Beukes spent time in Detroit prior to (or perhaps during) the writing of Broken Monsters, and it shows, at least to this reader, who confesses that he’s never visited. Beukes references neighborhoods the way I imagine a local might, and, during her visit, she clearly spent time at abandoned industrial sites, the derelict remnants of which are like sores on the civic body. There is a sense of emptiness here, that those who had the means fled, and that those who remain are trapped in an oversized, tumbledown municipality built in better days with a brighter future in mind. Characters, such as TK, haunt the streets, scavenging the goods left behind by those evicted from their homes. And if it can’t be stolen, or if it’s not worth it, then the vultures destroy it, the petty vandalism of those who have nothing left to lose.
And loss is really the unifying theme of Broken Monsters, whether it’s the loss of a loved one, or a relationship, or innocence, or sanity. Or, in one memorable scene, teeth. (Don’t ask. Best to read it for yourself.) Beukes’s Detroit is stalked by a vicious circle of predators and prey, and the delineation between one and the other is never quite clear. Like the Detroit Monster’s artwork, individual’s roles are transgressive. Beukes’s characters are neither fully good nor fully bad–like real human beings, incidentally–and nearly all of the major characters undergo a flip-flop at some point in the narrative that shifts the reader’s perspective from skepticism to sympathy, or vice versa. For instance, Jonno’s “[c]areer highlights: playing Scheherazade to a serial killer.” Readers will laugh even as they weep, knowing that Jonno and his fellow characters knowingly chose their fates.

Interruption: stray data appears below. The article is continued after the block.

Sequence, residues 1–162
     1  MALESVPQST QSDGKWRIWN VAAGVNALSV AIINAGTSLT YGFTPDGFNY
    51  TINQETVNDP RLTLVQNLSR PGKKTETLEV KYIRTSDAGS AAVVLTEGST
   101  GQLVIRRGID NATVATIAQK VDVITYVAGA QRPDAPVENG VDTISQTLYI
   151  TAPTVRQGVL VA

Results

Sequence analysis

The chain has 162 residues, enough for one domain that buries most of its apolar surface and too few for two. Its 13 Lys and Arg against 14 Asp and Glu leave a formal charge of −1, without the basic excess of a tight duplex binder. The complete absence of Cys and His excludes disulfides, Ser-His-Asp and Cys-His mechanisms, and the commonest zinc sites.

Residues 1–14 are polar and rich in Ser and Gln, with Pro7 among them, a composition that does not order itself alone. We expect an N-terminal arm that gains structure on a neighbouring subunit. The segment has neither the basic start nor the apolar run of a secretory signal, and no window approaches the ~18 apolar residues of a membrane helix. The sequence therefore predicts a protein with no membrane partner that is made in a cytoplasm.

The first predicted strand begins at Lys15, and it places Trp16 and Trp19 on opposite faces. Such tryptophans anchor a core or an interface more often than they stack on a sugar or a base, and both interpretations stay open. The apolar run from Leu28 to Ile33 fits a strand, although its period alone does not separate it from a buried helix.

Beukes’s atmosphere, her sense of place, her plotting, and her characterization are spot on. She wields tension like a knife, twisting it in the reader’s guts: “Something is happening…Something is building like a wave. Tsunamis pull all the ocean back before they come crashing in.” Well, shit, Lauren, what choice do I have but to read on? She engages, too, in cutting commentary on our relationship with social media, and the way it creeps into, colonizes, every corner of our lives. There is something awful, something objectifying and voyeuristic, about staring at a blog full of images of Detroit’s deterioration–but ashamed of ourselves as we might be, we can’t look away. Beukes knows that, holds the mirror up to the reader’s face, and refuses to let her flinch.